Combative Swimming In The Open Water

Combative Swimming In The Open Water

When Jordan Waxman and Gilles Chalandon were reported to have been attacked on their way to an 8-hour English Channel training swim, it called to mind the ancient Japanese martial art of suijutsu (or suiei-jutsu) (水術 in Japanese) – or combative swimming. – which is still taught by Iwasaki Hisashi-sensei, Soke (Headmaster) of Kobori Ryu suiei-jutsu in Kyoto.

Swimming was often part of a Japanese samurai‘s training.

In a country surrounded by the ocean and dotted with lakes and rivers flowing from mountain ranges and volcanoes, it was natural for the samurai to be able to handle himself well in the water. Swimming and combat skills in the water were combined and elevated to a high level with some samurai. Depending on their specific topographic area, suijutsu focused on skills ranging from swimming underwater and swimming in fast-moving rapids to fighting one-on-one in the water and using a bow and arrow while partly submerged.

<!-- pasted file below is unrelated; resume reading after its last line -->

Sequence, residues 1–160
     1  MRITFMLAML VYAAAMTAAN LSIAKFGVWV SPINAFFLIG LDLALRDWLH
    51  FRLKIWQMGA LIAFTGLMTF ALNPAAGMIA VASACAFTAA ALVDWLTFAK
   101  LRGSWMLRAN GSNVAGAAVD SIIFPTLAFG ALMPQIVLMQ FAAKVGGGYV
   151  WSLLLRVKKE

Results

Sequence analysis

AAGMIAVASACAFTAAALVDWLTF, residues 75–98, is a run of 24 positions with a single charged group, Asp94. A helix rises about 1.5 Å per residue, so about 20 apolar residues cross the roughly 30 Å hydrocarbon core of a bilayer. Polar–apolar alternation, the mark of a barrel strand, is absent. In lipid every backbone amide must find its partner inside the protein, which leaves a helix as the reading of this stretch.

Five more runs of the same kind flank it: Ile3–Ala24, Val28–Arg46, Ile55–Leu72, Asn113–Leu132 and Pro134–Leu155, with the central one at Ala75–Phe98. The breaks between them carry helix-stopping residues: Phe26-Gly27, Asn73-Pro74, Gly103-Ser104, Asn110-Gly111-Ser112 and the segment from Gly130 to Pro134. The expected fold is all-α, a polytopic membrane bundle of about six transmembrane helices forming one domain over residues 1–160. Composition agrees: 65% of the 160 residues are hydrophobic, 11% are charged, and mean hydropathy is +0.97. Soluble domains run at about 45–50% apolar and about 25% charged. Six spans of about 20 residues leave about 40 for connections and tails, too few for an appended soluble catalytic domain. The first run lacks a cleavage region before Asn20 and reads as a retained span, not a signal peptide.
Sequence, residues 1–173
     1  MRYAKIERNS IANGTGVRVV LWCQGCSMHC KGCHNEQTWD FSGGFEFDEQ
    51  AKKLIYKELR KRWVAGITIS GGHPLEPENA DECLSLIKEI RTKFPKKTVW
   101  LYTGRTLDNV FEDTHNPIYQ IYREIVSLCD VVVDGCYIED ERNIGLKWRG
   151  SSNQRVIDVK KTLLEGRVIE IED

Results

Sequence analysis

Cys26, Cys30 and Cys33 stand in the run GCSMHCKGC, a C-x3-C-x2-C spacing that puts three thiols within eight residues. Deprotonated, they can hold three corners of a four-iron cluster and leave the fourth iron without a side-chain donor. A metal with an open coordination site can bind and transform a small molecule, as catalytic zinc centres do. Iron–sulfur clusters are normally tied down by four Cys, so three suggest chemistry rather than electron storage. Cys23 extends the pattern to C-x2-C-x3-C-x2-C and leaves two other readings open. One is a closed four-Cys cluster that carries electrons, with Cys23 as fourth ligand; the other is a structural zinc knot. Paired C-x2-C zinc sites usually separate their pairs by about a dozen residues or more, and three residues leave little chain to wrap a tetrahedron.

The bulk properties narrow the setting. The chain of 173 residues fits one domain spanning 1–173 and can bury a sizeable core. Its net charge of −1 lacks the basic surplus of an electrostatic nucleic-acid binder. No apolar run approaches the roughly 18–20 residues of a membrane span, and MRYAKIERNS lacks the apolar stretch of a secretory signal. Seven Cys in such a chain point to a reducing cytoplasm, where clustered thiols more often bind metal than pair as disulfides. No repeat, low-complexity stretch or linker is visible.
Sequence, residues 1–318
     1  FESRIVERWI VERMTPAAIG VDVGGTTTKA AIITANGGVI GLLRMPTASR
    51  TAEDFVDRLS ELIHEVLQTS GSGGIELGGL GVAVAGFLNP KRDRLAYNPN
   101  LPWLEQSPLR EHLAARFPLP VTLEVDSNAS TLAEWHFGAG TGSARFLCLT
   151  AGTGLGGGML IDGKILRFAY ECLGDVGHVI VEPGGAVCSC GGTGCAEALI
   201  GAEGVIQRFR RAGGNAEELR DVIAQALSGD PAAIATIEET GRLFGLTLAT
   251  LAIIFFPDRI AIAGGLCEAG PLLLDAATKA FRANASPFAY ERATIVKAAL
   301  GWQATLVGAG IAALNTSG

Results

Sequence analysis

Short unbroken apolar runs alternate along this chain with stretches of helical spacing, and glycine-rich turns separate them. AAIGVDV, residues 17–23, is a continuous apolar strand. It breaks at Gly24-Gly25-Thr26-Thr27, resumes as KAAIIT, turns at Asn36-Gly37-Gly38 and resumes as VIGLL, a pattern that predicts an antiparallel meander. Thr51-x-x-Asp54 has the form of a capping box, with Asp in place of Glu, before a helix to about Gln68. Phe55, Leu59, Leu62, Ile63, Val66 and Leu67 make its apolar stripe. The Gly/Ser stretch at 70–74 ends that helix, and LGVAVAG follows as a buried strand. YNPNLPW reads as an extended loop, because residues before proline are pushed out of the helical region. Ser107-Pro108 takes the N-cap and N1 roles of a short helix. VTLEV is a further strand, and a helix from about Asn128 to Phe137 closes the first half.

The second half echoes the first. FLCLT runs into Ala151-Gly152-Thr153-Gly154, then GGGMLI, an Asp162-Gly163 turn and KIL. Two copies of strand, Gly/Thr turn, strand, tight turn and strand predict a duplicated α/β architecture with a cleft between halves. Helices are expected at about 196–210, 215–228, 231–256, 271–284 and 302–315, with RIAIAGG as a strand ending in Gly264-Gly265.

Being an expert in suijutsu enabled a samurai to silently sneak up on an opposing force and to float down a river for a long time while wearing armor, weapons and other gear, sometimes in near freezing water.

Although suijutsu is seldom taught in contemporary Japan, a select few continue the tradition as a means of recreation, maintaining their health and disciplining their minds and bodies.

A Japanese-language video of suijutsu can be seen here:



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